If risk premia are not permitted to return towards their long-run average, I envisage liquidity disappearing from bond and stock markets as public institutions – namely central banks – acquire the majority of bond issues and the free-float in “strategically important” stocks. Crowdfunding and microfinance may fill some of the gap and capital will flow to growing economies as the world order changes, but liquidity in the world’s largest capital markets may be in short supply. Fortunately, this somewhat apocalyptic view is a while away.

Bond yields may rise, but not significantly above 5%, at which juncture their respective economies will stall due to over-indebtedness – in reality I think it unlikely they will get anywhere near this level until pricing power in product markets returns. The FRBSF – Mortgaging the Future? Investigates the extraordinary expansion in credit since WWII and among their conclusions is the observation that the real estate sector has far greater impact on the economy than in the past. Of course the absolute return to savers is likely to remain pitiful, as this video, from the March conference of the Global Interdependence Centre – Policies for the Post Crisis Era, makes clear; Chris Whalen’s presentation starts around 4 minutes in and lasts for 10 minutes. It’s well worth considering his opinion that, for the world economy to function properly, interest rates need to rise and credit formation to rebound, lest the “wheel of circulation” – as originally described by Adam Smith – grind to an inexorable halt.

For most of the major Central banks, intervention will be undertaken if yield increases are deemed to be detrimental to the mortgage market, and, as bond yields then trend lower, stocks will rise.

At what rate will they intervene? The NY Fed recently commented on “the natural rate of interest” is this article – Why Are Interest Rates So Low?:-

In conclusion, the low level of interest rates experienced since 2008 is largely attributable to a reduction in the natural rate of interest, which reflects cautious behavior on the part of households and firms. Monetary policy has largely accommodated the decline in the natural rate of interest, in order to mitigate the adverse effects of the crisis, but the zero lower bound on interest rates has imposed a constraint on the ability of interest rate policy to stabilize the economy. Looking ahead, we expect these headwinds to continue to abate, and the natural rate of interest to return closer to historical levels.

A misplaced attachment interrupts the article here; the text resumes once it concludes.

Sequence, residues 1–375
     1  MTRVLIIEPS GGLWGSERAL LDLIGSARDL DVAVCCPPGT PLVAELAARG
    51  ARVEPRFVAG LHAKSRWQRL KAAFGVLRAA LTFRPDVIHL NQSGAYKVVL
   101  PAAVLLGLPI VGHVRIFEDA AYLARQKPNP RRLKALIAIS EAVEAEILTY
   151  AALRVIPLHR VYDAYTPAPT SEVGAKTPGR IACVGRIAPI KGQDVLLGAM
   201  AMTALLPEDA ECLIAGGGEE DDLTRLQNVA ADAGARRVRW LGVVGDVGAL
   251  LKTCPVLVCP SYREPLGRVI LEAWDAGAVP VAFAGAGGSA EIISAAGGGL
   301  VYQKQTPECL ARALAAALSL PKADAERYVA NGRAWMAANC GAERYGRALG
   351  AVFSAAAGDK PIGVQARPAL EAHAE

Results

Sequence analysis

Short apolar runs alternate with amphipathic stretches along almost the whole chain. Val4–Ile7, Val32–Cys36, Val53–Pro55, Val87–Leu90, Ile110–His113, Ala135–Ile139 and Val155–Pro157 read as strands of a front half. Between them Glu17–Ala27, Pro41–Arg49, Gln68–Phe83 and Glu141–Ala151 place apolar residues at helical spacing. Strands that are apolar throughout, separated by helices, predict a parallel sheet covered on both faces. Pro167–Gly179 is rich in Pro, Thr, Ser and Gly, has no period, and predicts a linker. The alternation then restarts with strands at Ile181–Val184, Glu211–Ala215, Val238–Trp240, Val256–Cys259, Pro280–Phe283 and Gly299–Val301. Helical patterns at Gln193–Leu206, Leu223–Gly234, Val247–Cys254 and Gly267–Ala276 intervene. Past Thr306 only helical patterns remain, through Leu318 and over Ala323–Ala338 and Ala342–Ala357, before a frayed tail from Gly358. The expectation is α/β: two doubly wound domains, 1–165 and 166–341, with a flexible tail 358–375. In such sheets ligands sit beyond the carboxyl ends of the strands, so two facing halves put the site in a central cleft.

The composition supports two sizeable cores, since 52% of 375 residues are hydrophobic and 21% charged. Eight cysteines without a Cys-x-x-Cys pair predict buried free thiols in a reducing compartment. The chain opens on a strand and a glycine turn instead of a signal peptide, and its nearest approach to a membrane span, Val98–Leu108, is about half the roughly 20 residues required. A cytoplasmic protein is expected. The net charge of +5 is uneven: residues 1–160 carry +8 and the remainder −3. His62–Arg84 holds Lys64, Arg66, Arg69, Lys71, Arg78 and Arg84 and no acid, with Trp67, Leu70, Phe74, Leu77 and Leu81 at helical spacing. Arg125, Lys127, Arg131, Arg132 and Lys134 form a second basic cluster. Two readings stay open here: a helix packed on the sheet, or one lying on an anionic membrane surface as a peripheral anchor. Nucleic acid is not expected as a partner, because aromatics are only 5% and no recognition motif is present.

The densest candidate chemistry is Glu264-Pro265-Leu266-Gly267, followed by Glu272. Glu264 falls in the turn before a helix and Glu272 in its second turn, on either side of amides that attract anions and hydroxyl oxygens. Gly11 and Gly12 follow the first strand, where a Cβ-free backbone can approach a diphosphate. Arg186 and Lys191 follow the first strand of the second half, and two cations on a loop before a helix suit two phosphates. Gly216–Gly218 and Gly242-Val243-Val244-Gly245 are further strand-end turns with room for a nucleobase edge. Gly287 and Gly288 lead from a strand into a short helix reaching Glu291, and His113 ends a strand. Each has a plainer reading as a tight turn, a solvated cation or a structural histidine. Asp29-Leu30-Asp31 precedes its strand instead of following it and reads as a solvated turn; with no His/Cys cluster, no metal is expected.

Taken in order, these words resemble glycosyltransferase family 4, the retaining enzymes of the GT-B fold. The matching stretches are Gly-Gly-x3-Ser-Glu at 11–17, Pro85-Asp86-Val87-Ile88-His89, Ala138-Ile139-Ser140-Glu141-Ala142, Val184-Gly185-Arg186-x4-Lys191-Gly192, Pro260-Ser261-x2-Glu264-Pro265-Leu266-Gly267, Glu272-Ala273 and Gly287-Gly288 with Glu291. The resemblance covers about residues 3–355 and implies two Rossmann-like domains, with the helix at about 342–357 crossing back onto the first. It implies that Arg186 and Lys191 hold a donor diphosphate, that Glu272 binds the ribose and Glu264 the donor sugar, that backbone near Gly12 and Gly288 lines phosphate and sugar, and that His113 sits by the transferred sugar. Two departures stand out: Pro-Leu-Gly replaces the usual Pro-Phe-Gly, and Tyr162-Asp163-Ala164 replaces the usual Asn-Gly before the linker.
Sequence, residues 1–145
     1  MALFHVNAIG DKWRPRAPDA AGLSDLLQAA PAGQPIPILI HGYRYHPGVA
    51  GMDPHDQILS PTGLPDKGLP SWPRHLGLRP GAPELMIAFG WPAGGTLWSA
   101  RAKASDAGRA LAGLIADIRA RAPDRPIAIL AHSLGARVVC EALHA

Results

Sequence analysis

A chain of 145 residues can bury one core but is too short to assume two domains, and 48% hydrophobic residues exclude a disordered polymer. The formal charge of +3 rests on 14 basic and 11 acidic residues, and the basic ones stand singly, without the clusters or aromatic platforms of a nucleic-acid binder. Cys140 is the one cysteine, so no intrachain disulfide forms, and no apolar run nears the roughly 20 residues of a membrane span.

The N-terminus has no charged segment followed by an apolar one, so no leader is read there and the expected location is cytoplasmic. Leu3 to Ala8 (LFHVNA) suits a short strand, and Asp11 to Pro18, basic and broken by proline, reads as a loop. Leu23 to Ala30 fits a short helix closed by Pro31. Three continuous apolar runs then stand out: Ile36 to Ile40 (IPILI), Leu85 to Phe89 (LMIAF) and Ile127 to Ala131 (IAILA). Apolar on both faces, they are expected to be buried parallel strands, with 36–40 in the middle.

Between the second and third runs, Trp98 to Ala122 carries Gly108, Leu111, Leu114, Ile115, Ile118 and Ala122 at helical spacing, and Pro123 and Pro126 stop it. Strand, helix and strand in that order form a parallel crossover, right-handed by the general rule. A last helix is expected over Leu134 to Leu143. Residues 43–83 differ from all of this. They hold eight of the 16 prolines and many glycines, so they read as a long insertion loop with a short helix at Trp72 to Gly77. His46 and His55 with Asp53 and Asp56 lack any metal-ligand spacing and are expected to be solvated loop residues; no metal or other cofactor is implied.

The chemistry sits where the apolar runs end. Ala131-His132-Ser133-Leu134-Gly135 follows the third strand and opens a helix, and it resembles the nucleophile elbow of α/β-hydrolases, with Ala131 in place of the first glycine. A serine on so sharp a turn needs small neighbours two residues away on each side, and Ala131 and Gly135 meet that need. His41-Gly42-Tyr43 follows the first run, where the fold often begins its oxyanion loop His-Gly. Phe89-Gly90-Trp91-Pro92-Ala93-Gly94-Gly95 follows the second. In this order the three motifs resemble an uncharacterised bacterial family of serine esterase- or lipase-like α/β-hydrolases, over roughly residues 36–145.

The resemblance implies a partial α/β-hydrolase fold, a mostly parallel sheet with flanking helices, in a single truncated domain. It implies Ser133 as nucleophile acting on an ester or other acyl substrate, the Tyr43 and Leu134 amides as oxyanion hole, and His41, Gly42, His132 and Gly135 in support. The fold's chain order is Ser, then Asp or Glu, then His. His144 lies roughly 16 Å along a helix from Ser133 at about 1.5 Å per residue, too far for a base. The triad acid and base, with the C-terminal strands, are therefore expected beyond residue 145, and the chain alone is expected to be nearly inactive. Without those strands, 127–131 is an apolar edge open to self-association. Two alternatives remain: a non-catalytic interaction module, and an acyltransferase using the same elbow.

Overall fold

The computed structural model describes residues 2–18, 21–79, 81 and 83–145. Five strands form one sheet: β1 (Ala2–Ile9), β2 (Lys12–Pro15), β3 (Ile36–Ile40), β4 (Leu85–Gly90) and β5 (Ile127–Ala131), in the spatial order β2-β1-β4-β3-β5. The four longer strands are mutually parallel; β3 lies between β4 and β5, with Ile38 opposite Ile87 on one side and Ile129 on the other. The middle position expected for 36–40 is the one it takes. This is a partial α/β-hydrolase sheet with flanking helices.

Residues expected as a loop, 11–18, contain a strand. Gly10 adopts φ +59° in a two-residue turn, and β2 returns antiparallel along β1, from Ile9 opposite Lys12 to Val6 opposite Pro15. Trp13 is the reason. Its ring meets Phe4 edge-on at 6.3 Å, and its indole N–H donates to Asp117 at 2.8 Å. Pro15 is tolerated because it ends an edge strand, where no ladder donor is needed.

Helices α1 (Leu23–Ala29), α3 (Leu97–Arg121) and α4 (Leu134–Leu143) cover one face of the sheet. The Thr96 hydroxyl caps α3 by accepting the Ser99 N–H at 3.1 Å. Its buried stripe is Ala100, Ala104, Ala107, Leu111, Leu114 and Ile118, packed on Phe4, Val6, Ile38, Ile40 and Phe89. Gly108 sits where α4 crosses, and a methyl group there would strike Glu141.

This is somewhat at odds with thier DSGE forecast. Consensus indicates the natural rate of interest to be around 3% which equates to a nominal rate of 5% assuming an inflation target of 2%. The original concept of the natural rate of interest was introduced in 1898 by Knut Wicksell, it’s a slippery customer:-

…it is not a high or low rate of interest in the absolute sense which must be regarded as influencing the demand for raw materials, labour, and land or other productive resources, and so indirectly as determining the movement of prices. The causality factor is the current rate of interest on loans as compared to [the natural rate].

In the shorter term I do not believe bond investors will suffer too catastrophically. I’m indebted to Garth Friesen – III Capital Management –for the excellent charts below:-

Barclay bond index vs SandP - III Capital Management

Source: III Capital Management

You can read his assessment of the current situation in this article – Silencing the Roar of the Bond Bear. In the past 25 years the largest negative quarterly return from the Barclays bond index was -2.9%, that was back in 1994 when the Fed tightened interest rates abruptly, causing stocks and bonds to collapse in tandem. The next chart highlights the benefits of diversification, generally bonds flip when stocks flop:-

SandP vs Barclays Bond index 25 yr -III Cap Man

Source: III Capital Management

Conclusion and investment opportunities